The Almost Father

Monday morning, I spoke with Denius. He’s a boy about 19 or 20, though he looks several years younger. He’s his mother’s oldest child, one of her four surviving boys. His father, who was also father to Amisson, the next younger boy, died a few years ago. The mother, Osiane, died just as the CLM program was starting. Her death was probably related to malnutrition. The last time we saw her, she was weak and a little disoriented. And she had a scarf tied around her stomach as poor Haitian sometimes do when they are suffering hunger pangs. We just didn’t get to her soon enough.

Relatives decided to take the two younger boys, but to leave Denius and Amisson, who’s 14, to fend for themselves. They’ve been managing. Not very well, but they’re learning.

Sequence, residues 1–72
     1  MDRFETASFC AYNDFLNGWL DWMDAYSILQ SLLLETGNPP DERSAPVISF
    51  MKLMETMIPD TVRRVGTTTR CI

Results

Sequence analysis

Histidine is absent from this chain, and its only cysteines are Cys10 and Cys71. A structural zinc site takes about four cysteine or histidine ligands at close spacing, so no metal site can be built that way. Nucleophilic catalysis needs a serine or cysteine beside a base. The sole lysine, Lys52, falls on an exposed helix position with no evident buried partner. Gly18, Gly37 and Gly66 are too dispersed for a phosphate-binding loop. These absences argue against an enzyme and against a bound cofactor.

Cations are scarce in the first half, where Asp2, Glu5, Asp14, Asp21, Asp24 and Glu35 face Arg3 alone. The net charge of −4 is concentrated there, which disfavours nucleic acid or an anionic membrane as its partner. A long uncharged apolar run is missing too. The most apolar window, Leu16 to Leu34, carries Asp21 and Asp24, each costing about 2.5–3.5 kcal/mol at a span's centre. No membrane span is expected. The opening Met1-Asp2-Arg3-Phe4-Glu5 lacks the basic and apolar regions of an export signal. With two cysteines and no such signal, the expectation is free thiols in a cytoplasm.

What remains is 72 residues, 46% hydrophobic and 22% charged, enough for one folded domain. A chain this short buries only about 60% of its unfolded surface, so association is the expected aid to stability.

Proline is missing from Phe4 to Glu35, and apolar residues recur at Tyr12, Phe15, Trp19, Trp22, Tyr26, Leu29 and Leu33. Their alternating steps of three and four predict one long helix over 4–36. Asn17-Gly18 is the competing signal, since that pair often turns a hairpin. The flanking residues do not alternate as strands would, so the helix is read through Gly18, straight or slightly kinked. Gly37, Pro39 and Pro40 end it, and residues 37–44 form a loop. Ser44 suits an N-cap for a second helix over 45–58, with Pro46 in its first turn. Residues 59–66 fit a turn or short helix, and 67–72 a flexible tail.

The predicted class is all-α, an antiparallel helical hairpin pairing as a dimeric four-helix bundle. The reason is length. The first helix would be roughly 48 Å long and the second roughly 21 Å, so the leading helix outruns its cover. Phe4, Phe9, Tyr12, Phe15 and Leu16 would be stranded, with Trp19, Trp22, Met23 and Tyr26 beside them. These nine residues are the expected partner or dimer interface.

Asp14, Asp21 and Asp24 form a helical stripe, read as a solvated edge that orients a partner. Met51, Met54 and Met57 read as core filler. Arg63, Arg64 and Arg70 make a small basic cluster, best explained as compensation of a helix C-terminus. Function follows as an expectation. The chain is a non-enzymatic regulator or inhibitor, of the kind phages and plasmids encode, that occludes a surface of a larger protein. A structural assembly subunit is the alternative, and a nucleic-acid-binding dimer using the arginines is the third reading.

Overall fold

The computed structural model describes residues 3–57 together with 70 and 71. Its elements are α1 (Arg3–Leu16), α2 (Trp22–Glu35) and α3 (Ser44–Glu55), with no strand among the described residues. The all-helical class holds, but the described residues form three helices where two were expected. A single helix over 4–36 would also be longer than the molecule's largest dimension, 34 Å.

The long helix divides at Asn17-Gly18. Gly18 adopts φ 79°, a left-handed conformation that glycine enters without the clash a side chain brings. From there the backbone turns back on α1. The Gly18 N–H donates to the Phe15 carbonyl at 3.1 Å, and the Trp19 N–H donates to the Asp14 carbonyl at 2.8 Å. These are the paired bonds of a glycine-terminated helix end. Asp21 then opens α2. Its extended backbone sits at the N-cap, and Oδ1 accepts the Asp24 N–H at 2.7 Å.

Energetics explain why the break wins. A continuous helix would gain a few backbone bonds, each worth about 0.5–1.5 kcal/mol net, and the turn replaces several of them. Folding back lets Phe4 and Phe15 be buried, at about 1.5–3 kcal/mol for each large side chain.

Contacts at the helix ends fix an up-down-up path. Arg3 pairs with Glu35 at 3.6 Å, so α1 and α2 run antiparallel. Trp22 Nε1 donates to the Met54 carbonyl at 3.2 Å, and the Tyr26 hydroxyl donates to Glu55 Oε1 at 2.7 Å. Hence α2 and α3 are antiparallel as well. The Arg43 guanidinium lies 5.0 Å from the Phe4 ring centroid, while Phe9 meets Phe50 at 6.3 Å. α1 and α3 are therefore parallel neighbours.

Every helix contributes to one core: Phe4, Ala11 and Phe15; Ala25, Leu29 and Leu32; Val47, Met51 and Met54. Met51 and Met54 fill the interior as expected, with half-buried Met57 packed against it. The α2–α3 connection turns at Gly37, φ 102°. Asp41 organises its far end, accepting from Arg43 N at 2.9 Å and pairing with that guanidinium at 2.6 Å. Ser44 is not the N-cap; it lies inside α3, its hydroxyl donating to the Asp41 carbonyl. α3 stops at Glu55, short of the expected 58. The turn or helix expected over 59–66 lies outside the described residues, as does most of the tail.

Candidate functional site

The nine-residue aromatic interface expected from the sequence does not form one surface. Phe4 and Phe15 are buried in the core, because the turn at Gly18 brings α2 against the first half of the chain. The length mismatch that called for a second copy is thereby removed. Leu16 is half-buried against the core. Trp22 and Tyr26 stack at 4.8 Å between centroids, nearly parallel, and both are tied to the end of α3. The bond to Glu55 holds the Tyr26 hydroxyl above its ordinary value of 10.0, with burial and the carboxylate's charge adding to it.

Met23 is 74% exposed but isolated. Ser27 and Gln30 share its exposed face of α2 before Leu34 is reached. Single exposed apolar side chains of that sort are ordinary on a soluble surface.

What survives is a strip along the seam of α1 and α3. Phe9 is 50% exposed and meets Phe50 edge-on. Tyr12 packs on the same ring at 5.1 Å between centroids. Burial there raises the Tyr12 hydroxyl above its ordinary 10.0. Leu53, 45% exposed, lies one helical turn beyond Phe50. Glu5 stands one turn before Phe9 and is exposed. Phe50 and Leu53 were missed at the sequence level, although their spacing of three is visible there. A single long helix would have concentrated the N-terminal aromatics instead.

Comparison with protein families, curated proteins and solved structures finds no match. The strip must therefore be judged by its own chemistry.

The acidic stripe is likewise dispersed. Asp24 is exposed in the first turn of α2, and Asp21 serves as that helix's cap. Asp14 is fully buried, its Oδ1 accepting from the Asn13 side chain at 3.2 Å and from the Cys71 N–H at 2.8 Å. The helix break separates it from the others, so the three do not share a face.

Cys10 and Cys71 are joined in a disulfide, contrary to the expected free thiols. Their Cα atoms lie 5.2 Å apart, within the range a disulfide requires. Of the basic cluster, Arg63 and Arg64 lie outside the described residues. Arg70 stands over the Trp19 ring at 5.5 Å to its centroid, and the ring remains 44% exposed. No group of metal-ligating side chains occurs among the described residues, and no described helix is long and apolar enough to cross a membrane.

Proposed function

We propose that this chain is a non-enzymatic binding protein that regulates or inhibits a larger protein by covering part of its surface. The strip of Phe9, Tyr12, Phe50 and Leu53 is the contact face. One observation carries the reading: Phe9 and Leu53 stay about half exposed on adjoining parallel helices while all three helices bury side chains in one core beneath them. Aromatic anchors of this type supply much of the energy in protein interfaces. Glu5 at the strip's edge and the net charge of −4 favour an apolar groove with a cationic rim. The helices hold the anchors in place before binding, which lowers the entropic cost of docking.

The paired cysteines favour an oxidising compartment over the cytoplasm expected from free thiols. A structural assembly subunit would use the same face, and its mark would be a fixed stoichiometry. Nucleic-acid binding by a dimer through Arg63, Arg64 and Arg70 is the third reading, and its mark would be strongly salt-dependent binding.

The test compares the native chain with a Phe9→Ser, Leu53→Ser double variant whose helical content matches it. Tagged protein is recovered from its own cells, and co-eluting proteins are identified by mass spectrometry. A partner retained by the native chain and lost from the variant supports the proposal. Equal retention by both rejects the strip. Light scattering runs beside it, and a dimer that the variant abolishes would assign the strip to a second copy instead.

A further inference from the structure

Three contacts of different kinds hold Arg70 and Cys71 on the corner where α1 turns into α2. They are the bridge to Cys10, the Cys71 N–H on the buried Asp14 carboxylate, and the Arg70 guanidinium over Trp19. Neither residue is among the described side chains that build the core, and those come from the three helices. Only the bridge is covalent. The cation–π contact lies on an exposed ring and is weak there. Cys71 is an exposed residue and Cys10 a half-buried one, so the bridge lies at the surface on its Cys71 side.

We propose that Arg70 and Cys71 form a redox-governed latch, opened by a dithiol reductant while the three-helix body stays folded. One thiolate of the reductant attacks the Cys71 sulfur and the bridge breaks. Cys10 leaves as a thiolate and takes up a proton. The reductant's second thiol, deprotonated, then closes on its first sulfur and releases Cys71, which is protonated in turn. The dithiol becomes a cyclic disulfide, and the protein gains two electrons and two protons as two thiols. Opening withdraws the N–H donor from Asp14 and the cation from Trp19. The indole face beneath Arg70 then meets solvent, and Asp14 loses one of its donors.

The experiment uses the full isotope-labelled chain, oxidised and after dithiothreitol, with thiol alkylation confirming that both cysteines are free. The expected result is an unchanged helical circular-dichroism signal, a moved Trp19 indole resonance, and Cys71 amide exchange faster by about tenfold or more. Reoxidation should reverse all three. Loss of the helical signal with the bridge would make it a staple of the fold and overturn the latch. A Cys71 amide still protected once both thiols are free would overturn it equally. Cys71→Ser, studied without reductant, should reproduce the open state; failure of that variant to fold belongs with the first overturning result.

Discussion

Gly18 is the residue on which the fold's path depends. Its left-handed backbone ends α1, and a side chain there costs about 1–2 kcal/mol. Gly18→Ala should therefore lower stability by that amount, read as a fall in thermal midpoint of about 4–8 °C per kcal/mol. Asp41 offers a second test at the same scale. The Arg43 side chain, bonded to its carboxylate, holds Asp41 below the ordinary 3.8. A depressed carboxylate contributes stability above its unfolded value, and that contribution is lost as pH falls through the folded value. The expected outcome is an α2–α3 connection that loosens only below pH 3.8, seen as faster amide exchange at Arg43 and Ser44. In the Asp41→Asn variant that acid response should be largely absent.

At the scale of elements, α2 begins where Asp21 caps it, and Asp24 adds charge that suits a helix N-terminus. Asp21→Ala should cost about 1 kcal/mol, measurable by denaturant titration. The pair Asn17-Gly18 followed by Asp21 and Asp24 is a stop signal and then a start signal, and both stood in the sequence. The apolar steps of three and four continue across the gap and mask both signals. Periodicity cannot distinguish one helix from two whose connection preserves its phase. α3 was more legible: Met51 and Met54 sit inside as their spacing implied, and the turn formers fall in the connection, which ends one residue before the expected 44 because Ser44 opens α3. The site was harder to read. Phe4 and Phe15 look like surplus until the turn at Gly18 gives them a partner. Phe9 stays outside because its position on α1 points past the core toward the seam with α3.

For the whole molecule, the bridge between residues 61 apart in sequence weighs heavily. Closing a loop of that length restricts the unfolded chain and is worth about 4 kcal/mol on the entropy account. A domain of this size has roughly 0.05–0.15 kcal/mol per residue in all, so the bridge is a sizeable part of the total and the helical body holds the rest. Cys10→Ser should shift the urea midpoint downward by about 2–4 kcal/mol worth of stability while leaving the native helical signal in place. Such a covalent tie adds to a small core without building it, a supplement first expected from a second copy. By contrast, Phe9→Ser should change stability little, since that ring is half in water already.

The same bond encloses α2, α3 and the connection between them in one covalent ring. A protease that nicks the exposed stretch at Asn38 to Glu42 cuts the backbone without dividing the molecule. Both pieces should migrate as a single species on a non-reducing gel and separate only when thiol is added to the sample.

During the first few weeks we were discouraged to see how little Denius was willing or able to do for the household. CLM depends largely on members’ deciding to work hard with the advice and the assets that we offer them, but Denius seemed to be mostly sitting around.

When I started to press him, he admitted that physical exertion made him dizzy. The shock of losing his mother was combining with continued hunger to make him weak. I couldn’t do much about his sadness – the cure for that seems to a combination of time and Amisson, who is unswervingly playful – but I could help with the hunger. An American intern had just finished six months with us, and she left a large quantity of powdered protein drink (chocolate flavor) behind. We brought most of it to Denius and Amisson, and added a care package of some more conventional food that had been left over after six days of the new members’ enterprise training. Denius has been saying that he feels much better, and we see new energy in the work that he’s started to take on.